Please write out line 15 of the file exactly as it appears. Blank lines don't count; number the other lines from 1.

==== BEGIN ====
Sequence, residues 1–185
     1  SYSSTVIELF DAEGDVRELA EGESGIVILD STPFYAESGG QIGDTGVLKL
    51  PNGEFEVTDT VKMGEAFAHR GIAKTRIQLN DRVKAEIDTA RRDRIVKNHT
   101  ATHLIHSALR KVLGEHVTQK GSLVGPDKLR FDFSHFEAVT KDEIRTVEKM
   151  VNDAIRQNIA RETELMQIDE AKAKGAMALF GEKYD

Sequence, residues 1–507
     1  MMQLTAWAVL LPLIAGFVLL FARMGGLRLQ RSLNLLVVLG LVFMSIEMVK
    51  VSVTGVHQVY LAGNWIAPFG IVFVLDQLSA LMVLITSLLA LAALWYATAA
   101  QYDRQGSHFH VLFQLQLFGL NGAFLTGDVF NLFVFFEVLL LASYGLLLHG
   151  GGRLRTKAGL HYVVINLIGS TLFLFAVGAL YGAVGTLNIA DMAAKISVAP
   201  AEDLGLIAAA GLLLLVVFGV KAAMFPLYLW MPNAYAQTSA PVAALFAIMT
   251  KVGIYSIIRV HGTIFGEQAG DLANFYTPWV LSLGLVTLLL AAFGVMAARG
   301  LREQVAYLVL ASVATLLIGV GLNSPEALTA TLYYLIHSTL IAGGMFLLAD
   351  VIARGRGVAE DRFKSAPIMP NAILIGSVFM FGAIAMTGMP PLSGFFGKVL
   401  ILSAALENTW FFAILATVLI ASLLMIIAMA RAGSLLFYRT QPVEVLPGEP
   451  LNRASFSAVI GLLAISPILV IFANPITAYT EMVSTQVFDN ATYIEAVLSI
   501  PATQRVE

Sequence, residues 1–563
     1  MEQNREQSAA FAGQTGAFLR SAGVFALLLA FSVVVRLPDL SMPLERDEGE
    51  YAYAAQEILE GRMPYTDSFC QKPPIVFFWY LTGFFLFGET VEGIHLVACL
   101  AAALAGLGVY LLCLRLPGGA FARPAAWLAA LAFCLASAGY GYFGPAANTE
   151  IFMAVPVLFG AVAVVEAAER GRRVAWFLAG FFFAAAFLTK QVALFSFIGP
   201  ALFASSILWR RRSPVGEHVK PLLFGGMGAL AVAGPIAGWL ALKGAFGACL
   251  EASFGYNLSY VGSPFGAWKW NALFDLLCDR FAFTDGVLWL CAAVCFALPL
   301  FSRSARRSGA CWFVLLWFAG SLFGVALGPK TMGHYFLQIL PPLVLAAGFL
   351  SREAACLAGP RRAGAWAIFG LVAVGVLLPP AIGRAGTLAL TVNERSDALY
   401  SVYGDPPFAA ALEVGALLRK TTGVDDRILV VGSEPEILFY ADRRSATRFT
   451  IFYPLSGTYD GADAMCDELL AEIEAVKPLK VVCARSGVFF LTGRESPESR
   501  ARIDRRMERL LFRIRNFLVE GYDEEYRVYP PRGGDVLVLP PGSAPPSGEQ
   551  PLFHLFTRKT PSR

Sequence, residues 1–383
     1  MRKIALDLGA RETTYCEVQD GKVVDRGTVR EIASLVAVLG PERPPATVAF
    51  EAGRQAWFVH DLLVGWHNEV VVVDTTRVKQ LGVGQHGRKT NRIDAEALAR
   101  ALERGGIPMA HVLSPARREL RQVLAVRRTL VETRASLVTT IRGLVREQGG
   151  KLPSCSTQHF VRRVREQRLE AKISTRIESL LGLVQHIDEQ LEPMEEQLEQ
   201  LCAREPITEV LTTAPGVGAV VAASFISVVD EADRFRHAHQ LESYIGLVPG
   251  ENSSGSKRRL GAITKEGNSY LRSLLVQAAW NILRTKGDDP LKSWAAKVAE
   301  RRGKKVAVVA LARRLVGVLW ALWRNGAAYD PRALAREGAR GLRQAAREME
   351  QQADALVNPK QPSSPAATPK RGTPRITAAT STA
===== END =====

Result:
   401  ILSAALENTW FFAILATVLI ASLLMIIAMA RAGSLLFYRT QPVEVLPGEP